“The work that we do within that space for a lot of the kids really is the difference between them having access to some level of regular health care or not,” Werner said. “But I think all of the programs that our foundation generously funded are just really impactful.”

The foundation also awarded money to the Banner Thunderbird Medical Center for its work providing safe, compassionate, respectful and age-appropriate care to pediatric and adolescent behavioral health patients; Diamond Children’s Medical Center and Cardon Children’s Medical Center, which specializes in Children’s Postinfectious Autoimmune Encephalopathy; and its partnership with the Arizona Asthma Coalition to provide inhalers and medical kits to public schools in Maricopa and Pima counties.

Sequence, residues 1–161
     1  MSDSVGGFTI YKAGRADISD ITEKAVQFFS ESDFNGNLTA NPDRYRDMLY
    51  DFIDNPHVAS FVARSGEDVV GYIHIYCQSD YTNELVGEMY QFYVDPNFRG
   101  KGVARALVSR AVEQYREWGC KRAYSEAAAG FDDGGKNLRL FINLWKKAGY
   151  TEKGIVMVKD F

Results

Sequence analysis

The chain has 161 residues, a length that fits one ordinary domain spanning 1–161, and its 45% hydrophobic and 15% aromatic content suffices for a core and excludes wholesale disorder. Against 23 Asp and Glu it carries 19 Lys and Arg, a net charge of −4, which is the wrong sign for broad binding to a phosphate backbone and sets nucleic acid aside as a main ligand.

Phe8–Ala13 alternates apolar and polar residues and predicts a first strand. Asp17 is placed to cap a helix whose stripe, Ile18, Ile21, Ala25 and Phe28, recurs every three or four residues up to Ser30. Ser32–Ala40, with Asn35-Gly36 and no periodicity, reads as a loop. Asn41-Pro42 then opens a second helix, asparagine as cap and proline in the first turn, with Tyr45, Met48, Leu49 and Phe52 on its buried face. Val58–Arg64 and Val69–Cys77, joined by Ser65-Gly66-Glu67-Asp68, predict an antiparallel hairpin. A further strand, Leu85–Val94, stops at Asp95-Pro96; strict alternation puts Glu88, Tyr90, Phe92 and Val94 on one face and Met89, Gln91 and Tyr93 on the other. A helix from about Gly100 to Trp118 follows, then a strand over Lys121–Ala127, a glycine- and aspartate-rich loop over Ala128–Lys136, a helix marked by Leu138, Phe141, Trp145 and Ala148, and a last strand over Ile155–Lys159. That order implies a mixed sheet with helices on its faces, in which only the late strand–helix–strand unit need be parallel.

Banner Thunderbird is working to provide a friendlier environment for pediatric and adolescent patients who come to urgent cares seeking help.

“What ends up happening at times is they end up needing to wait in our emergency department for a place to accept them,” Werner said about the program. “A typical [emergency room] setting is not designed for somebody to wait for many, many hours. So, this money is designed to be able to take a portion of our emergency department and make it more conducive for the adolescent and pediatric patient that may stay there a much more extended amount of time.”

It will allow children to socialize, interact and participate in guided activities while waiting for further treatment.

It was awarded $144,000.

Diamond Children’s Medical Center and Cardon Children’s Medical Center are working to address the emerging problem of Postinfectious Autoimmune Encephalopathy (PAE) among children.